• Dr Ferraro

Levers and muscular actions

Updated: Feb 10, 2019

After the summer gyms and sports centres are re-filled with customers, and at this time of year, many athletes ask me the difference between the various muscular exercises that can be done with weights. Thus, this short article is designed for them; I will try to briefly explain the joint levers and the three main types of muscle work.

Usually, when it comes to overloads training, we talk about three different muscular actions: concentric, eccentric and isometric.



Before describing them, it is good to remember that the skeletal muscles act on the bones, exerting on them forces that produce movements through specific points called articulations (or joints). In the biomechanics (we recall here that biomechanics is that area of ​​biology that uses classical mechanics to analyse biology and medicine related to movement) the musculoskeletal system is described as a system of levers.

A lever is a rigid (or semi-rigid) body pivoted on a fixed point (fulcrum) and used to transmit forces, as in raising or moving a weight at one end by pushing down on the other (Flanagan et al. 2013). Therefore, there is a mechanical advantage when the ratio between the arm of the applied force (effort) and the arm of the resistant force (load) is higher than one.


Understanding these aspects is essential because if you do not take into account the relationship between the length between the load and the fulcrum you may injure your self and others in the gym. For instance, by unloading a barbell, if it is not correctly placed on the supports. Based on the arrangement of the fulcrums and the relationship between the load and the effort, the levers can be divided into three classes (Barba et al. 2007).




1. The first class levers are those in which the applied effort and the loading effort act on opposite sides of the fulcrum (Figure 1). An example of this lever appears during a nodding action of the head, in which the fulcrum is the point where the skull connects with the vertebral columns, the load is the weight of the head, and the effort is the neck muscles at the back of our skull.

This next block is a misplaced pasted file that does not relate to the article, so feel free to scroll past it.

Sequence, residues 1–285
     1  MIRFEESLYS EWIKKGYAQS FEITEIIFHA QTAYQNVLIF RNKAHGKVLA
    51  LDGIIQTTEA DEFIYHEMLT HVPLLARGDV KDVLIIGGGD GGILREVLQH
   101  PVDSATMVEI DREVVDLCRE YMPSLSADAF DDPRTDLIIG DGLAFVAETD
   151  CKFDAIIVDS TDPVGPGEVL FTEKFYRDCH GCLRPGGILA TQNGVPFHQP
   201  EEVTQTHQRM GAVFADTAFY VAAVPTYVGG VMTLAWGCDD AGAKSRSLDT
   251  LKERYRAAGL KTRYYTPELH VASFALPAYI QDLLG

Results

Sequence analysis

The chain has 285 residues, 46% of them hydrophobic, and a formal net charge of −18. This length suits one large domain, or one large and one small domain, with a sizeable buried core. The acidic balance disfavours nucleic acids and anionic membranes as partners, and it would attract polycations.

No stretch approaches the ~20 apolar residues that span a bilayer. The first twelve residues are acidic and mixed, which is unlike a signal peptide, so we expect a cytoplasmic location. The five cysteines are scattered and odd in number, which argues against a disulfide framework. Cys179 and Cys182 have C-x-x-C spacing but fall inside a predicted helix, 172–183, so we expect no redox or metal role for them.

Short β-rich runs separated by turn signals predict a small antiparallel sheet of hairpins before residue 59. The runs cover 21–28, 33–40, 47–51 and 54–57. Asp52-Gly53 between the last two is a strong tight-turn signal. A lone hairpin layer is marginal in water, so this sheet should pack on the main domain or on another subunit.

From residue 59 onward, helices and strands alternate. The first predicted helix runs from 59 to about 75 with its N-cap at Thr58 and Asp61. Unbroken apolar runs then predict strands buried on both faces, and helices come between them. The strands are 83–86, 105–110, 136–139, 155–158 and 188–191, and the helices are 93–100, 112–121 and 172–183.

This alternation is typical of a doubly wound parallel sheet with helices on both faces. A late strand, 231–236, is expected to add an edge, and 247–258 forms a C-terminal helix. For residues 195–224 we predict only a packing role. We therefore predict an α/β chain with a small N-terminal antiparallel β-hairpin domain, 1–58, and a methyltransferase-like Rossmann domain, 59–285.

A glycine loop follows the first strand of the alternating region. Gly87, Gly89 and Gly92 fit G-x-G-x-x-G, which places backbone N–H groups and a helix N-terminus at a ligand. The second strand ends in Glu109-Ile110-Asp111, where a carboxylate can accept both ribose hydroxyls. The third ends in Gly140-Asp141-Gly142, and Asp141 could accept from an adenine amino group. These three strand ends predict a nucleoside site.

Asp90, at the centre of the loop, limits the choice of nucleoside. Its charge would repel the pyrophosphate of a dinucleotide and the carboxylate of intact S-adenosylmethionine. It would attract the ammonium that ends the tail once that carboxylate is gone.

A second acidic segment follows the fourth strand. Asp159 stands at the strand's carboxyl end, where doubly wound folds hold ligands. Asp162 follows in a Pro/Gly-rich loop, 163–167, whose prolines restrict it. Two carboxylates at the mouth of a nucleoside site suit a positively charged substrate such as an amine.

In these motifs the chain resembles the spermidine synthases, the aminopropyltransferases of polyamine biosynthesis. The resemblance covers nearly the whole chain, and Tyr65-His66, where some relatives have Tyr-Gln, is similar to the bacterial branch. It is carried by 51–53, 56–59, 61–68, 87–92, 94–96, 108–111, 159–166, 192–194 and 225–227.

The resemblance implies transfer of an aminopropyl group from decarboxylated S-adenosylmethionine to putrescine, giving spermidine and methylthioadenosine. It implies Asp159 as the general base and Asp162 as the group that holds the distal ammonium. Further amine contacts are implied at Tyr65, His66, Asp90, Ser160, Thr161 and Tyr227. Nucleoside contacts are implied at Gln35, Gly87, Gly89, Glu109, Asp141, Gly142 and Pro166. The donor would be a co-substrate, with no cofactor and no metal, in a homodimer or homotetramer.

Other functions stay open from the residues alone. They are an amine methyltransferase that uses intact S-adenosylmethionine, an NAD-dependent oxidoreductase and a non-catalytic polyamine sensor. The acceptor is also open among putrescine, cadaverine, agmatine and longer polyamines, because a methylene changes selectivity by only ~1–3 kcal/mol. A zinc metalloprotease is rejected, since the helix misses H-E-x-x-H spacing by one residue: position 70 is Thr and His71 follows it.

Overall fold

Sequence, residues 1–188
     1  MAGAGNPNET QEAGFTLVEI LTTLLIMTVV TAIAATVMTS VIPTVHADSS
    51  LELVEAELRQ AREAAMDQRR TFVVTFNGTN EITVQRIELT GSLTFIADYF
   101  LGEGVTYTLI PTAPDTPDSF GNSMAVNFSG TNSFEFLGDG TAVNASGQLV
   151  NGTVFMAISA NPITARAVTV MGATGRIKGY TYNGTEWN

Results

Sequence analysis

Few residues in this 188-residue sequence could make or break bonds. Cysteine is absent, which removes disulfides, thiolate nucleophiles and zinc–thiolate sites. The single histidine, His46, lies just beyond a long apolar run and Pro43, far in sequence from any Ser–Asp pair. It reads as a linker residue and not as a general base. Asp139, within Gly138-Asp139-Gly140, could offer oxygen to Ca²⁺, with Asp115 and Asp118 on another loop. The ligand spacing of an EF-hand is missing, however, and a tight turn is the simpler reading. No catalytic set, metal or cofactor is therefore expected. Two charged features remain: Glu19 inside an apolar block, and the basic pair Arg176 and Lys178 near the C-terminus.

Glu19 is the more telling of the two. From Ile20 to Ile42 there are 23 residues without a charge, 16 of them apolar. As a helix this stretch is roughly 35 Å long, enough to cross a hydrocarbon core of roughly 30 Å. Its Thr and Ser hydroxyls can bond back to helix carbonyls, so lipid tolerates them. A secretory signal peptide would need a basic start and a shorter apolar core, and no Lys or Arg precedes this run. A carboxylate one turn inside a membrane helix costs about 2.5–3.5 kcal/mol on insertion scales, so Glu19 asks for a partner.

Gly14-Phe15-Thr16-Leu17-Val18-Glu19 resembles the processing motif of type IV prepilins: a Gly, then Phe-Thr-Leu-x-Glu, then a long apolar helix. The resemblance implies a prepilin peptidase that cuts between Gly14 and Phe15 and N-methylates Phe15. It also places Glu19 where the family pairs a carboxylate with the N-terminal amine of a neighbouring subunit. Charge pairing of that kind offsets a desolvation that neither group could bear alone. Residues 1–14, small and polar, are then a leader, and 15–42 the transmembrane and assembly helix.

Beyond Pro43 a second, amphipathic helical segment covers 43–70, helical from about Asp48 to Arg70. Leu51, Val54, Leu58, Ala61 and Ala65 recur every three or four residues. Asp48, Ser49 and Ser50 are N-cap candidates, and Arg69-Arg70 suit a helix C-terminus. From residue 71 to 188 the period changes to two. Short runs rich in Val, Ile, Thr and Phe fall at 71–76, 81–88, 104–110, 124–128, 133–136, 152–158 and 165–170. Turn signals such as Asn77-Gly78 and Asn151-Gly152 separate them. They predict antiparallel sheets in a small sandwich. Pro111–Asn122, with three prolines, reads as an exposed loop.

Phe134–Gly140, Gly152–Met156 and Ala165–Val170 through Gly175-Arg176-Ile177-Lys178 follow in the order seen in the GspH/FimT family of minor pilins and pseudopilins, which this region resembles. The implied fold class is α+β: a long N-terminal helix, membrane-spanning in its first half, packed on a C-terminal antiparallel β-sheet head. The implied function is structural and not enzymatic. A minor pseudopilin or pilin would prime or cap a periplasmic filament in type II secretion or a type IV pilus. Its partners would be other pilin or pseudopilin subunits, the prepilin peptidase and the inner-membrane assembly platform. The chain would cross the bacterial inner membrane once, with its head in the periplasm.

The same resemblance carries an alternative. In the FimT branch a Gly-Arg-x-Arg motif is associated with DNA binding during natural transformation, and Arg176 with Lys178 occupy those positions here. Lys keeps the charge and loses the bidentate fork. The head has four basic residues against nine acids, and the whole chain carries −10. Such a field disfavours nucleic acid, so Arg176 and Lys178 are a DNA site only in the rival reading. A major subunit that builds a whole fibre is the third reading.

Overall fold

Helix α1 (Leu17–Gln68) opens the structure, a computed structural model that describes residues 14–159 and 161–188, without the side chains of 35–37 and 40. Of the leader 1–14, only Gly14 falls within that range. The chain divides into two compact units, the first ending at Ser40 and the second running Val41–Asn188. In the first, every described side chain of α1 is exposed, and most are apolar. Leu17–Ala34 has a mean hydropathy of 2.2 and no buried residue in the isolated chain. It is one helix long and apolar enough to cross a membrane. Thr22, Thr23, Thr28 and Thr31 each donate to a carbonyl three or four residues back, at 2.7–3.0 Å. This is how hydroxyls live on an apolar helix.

Figure 1.


2. The second class levers are those in which the applied force and the load act on the same side of the fulcrum with the applied effort acting through a longer distance, than the load, from the fulcrum (Figure 2). A simple example in our body is given during the plantarflexion that allows us to lift an extremely high load because the action of the lever is advantageous. By practicing a calf exercise on the standing press, you can understand this example.


Figure 2.


3. The levers of the third class are those in which the applied force and the load act on the same side of the fulcrum but the applied effort acts through a shorter arm than the load (Figure 3). An example happens in the forearm flexion during an arm curl movement, in which the lever is known as disadvantageous



Figure 3.


Without going into more details of the levers and principles that govern classical mechanics, we can now better understand the muscular actions that, as said at the beginning, are concentric, eccentric and isometric.

The concentric muscle action is a situation in which the muscle is shortened, being the force of muscular contraction superior to the load. Examples of this type of contraction can be found in swimming, cycling or during an arm curl when we carry the weight upwards. To simplify the concept, we can say that concentric muscles action is those that allow moving objects even if this definition is only wholly correct.

The eccentric muscle action is an action in which the muscle stretches since the contractile force is lower than the load. This type of contraction occurs in every braking exercise with overloads. It is often described as that movement in which we can not overcome the resistance so that we can not move the object but only slow down its movement. In some types of advanced training, we use the eccentric action, such as in the assisted squat or bench press, due to its training ability but this action can be found in all the braking movements, including during an arm curl when we move the weight away from the body and try to slow down its fall down.

The isometric muscle action occurs when the muscles length does not change since the contractile force is equal to the load. A typical example of this muscular action can be found in a plank exercise or during an isometric squat. It can be presented in all those situations in which we seek to move an object that opposes an equal and opposite resistance, so the resultant of the forces, equal to zero, will not produce acceleration and therefore displacement (Weineck et al 2009).

Each of these types of muscle actions have different effects on the on the exercise outcomes, keeping in mind the concept of specificity, the knowledge of these three systems and the characteristics of the levers are the foundations of to create a good workout with weights.


References

S. Flanagan – Biomechanics: A Case-Based Approach. Jones & Bartlett Learning, Ed. 2013.


F. Barba – L’allenamento. Teoria & Metodologia. Idelson Gnocchi ,Ed. 2007.


J. Weineck – L’allenamento ottimale. Calzetti Mariucci, Ed. 2009.


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